Health highlights: March 25, 2011
Here are some of the latest health and medical news developments, compiled by the editors of HealthDay:
New Drug for Advanced Melanoma Approved by FDA
A new injectable drug touted as the first to prolong the lives of patients with melanoma has been approved by the U.S. Food and Drug Administration.
The immune system-stimulating drug Yervoy (ipilimumab) from Bristol-Myers Squibb Co. was approved to treat patients with late-stage or metastatic melanoma. Currently only two other drugs have FDA approval for treatment of advanced melanoma and neither of them has been shown to significantly extend patients’ lives, the Associated Press reported.
The FDA’s approval of Yervoy was based on a Bristol-Myers study of 676 patients with advanced, inoperable melanoma who had failed to respond to two other treatments. They were randomly assigned to receive either: Yervoy alone, Yervoy and another immune-stimulating treatment; or the other immune-stimulating treatment alone.
Patients who received Yervoy alone lived an average of 10 months, compared to six months for those in the other groups. However, some of the patients who received the new drug survived longer than six years. This suggests that the drug could be targeted at patients most likely to respond, the AP reported.
While 85 percent of patients showed little response to Yervoy, the response rate should improve as the drug is used earlier in the disease process, according to researchers.
“Clearly this is not a home run, but it’s a solid base hit,” Tim Turnham, director of the Melanoma Research Foundation, told the AP. “And because we see other things in the pipeline, we think this the first in a series of important new therapies for melanoma.”
“I think the direction this is headed is toward intervening earlier, when patients’ immune systems are still intact, rather than waiting until they are so sick,” Dr. Anna Pavlick, director of the New York University’s melanoma program, told the AP.
She is a spokeswoman for the Skin Cancer Foundation, which helped conduct several early-stage trials of Yervoy.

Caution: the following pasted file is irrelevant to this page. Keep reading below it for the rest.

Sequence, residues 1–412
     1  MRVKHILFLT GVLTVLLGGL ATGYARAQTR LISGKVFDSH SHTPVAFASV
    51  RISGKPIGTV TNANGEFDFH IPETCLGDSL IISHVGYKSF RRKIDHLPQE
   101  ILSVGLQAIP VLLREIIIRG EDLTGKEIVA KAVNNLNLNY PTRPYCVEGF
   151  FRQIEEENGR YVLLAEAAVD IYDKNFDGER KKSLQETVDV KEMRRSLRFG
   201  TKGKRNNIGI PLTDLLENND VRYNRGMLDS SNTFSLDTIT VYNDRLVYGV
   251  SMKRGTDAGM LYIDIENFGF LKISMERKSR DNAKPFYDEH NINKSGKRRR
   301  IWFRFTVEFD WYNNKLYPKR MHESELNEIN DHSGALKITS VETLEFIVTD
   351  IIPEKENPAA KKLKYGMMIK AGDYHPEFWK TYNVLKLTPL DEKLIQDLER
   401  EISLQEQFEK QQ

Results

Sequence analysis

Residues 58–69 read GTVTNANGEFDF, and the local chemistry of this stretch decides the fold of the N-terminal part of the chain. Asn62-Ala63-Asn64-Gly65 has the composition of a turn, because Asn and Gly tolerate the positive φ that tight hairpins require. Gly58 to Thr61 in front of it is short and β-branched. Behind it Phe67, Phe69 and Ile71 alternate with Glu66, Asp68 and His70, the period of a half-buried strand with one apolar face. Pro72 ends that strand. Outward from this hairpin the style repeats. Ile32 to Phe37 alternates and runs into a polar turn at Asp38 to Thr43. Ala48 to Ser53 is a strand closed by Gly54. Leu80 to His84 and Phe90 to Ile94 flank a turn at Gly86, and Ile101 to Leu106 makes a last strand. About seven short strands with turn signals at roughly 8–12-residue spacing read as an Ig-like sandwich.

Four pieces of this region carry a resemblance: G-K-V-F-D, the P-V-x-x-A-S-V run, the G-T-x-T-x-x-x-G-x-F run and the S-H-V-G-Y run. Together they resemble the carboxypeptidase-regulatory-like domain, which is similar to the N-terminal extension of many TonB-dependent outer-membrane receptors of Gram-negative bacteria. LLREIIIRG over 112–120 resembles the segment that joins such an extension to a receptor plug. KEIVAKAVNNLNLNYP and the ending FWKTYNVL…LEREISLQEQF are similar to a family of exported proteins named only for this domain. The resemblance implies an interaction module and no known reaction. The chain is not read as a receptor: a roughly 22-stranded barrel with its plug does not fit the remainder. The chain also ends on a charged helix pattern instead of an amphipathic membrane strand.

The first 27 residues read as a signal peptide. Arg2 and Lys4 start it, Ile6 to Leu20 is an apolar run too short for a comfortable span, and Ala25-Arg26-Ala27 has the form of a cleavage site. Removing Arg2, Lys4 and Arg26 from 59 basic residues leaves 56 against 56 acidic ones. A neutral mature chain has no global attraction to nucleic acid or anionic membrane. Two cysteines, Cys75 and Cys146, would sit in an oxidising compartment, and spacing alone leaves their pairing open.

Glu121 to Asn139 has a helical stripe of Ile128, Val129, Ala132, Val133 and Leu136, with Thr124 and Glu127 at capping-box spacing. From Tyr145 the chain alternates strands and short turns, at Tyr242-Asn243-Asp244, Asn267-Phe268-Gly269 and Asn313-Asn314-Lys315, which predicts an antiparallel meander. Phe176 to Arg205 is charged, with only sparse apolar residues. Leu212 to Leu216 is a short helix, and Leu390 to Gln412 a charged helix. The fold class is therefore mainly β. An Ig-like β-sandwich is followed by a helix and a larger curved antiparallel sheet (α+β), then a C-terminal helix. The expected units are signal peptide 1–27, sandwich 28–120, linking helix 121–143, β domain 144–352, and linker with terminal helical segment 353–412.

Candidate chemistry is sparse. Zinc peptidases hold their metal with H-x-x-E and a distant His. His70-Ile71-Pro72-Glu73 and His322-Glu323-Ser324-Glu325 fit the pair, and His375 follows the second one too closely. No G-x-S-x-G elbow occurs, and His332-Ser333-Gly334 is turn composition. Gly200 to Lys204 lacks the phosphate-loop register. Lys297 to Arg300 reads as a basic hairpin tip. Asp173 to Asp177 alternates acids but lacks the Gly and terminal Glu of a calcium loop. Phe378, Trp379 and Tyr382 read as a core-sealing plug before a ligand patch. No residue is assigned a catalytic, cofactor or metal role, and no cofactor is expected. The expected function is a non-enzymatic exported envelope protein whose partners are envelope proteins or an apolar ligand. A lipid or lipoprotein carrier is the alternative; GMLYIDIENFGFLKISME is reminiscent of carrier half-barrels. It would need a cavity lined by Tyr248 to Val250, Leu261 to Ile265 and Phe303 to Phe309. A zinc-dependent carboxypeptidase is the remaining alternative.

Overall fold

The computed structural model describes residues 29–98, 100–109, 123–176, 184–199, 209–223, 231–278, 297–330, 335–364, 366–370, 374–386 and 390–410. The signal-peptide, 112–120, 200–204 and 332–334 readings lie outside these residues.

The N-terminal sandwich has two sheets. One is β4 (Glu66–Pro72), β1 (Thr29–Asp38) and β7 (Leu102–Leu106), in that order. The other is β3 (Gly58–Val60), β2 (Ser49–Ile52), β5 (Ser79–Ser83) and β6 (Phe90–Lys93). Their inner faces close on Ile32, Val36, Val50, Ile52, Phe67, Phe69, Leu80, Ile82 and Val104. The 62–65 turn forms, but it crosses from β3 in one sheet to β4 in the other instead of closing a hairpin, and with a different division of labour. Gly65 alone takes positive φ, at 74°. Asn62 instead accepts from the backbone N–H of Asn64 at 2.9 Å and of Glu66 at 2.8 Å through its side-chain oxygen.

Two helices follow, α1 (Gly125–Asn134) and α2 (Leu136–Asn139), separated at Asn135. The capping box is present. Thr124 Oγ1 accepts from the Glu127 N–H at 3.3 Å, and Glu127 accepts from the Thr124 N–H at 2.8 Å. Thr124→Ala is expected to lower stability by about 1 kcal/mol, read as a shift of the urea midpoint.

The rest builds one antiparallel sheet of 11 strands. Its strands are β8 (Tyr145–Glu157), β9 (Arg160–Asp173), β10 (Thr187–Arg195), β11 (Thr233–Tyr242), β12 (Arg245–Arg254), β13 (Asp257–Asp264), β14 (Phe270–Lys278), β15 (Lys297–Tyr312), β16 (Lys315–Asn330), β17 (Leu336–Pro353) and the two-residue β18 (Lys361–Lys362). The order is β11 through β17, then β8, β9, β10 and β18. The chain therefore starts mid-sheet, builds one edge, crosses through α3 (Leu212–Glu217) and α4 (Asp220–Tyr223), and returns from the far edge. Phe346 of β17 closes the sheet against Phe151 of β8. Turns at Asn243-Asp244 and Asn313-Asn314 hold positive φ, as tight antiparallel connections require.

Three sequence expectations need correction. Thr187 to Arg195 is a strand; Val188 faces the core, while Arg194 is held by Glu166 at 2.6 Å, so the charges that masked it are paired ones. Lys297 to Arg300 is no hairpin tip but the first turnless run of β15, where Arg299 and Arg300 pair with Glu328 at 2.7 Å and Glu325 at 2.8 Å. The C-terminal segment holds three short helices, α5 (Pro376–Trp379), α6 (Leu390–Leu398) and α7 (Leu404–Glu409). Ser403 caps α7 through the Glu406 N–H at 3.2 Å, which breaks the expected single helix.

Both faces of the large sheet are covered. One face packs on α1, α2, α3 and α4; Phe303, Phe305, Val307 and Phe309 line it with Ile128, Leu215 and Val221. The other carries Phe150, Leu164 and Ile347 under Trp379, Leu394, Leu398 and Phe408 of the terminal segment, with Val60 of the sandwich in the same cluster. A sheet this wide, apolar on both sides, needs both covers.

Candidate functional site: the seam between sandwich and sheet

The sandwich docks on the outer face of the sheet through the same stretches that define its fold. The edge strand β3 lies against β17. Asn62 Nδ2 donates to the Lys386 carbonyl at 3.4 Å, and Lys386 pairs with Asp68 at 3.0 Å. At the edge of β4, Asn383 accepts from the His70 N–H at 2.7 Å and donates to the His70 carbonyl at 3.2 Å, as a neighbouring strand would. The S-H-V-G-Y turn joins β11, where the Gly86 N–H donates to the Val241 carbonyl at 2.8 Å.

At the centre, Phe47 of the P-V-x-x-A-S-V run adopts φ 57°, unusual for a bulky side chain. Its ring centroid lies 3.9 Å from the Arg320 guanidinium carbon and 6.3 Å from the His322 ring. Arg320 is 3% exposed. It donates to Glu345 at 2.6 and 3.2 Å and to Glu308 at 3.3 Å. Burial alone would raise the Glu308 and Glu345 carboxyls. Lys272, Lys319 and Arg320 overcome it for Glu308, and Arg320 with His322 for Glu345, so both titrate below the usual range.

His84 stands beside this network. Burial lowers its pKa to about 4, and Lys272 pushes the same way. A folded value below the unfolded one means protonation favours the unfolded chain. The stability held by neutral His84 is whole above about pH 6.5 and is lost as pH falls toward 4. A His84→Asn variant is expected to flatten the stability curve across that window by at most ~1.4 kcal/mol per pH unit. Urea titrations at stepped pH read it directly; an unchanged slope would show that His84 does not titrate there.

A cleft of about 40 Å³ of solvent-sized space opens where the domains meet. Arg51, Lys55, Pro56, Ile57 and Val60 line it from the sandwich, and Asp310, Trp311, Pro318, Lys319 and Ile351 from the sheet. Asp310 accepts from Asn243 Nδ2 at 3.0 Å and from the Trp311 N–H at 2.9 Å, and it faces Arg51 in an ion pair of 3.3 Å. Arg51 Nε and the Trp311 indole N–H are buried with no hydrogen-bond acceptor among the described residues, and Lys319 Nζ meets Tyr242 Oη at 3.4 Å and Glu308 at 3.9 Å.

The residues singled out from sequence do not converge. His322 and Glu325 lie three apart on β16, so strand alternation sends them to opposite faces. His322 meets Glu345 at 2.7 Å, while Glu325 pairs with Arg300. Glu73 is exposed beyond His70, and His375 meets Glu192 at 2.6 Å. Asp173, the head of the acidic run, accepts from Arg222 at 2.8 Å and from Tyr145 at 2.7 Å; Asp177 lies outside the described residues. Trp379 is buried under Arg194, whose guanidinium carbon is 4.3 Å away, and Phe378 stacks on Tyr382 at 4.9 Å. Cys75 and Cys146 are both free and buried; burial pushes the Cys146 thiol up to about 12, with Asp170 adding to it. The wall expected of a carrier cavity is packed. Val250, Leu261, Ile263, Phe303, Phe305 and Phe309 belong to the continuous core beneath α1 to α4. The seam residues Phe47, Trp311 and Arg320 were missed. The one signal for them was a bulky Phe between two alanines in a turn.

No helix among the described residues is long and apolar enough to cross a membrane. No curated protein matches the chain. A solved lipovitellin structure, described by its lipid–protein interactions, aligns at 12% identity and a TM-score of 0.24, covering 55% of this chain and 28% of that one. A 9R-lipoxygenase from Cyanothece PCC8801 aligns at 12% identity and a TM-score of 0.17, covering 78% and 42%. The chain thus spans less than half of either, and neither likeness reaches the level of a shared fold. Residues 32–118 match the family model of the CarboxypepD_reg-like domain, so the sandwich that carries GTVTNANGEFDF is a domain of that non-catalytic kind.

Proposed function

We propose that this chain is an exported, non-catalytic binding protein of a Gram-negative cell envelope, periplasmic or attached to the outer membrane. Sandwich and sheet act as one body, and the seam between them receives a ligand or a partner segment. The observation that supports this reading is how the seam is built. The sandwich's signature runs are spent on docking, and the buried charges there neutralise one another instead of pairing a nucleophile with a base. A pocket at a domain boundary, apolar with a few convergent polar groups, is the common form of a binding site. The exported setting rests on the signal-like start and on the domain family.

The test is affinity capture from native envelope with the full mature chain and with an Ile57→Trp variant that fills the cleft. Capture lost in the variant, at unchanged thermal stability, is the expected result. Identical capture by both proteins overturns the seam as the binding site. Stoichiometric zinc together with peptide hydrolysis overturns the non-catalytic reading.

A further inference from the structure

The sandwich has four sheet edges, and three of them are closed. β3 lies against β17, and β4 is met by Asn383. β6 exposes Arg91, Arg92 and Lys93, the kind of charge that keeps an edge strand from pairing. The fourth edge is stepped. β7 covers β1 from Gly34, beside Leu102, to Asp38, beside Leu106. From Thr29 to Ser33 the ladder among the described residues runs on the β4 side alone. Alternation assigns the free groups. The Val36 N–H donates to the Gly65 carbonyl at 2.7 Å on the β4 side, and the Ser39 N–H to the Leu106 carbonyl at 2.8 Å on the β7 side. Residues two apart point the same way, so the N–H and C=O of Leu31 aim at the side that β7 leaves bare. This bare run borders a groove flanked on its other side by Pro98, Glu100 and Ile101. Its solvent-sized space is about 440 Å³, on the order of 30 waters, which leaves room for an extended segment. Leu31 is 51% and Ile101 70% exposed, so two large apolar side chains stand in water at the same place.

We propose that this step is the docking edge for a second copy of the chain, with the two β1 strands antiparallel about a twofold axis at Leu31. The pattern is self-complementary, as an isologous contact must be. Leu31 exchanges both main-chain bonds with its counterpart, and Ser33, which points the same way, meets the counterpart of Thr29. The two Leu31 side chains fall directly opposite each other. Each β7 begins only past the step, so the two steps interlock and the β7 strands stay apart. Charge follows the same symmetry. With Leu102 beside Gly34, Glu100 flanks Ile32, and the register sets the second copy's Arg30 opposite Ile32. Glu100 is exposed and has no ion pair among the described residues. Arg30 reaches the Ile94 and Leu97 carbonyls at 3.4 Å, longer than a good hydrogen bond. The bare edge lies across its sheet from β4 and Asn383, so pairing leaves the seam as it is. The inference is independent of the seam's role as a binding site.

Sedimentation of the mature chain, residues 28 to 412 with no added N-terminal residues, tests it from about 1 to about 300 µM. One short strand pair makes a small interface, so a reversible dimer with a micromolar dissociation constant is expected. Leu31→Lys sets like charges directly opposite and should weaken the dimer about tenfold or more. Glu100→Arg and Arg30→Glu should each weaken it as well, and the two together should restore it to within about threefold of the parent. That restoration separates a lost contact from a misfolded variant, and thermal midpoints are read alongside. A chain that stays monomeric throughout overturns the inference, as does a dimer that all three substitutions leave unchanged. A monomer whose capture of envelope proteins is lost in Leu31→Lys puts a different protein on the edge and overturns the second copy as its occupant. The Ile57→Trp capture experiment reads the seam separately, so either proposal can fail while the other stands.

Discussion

Melanoma is the most deadly type of skin cancer and is the fastest growing type of cancer in the U.S. in terms of new diagnoses, the AP reported. Last year, about 68,000 people in the U.S. were diagnosed with melanoma and about 8,700 people died from the disease, says the American Cancer Society.
Threat of Hunger Plagues Millions of Americans: Report
About 15 million American households (50 million people) believed they didn’t have enough money or couldn’t get enough money for food at some time during 2009, according to a new report.
The Map the Meal Gap document by the hunger relief charity Feeding America is based on food insecurity data from the U.S. Department of Agriculture, ABC News reported.
While it seems contradictory, there’s a link between food insecurity and obesity, say nutrition experts.
“If people are food insecure, they can often place a priority on obtaining as much food as possible for the cheapest price,” Keith Ayoob, an associate professor of pediatrics at the Albert Einstein College of Medicine in the Bronx, N.Y., told ABC News.
That can lead them to so-called “value meals” at fast food restaurants or cheap, processed foods that have more calories than nutrients.
Parents Need to Know Children’s BMI: Michelle Obama
Michelle Obama says she is paying closer attention to her two daughters’ body mass index (BMI) figures after learning that their numbers were “creeping upwards,” and urged other parents to learn more about the important health statistic.
BMI combines weight and height measurements to calculate body fat and is considered a more reliable indicator of obesity than weight alone, Agence France-Presse reported.
Childhood obesity is the U.S. first lady’s signature cause. But writing on yahoo.com’s website, she said she “didn’t really know what BMI was.”
“I certainly didn’t know that even a small increase in BMI can have serious consequences for a child’s health,” she added, AFP reported.
The Obamas have two daughters, Malia 12, and Sasha, 9.
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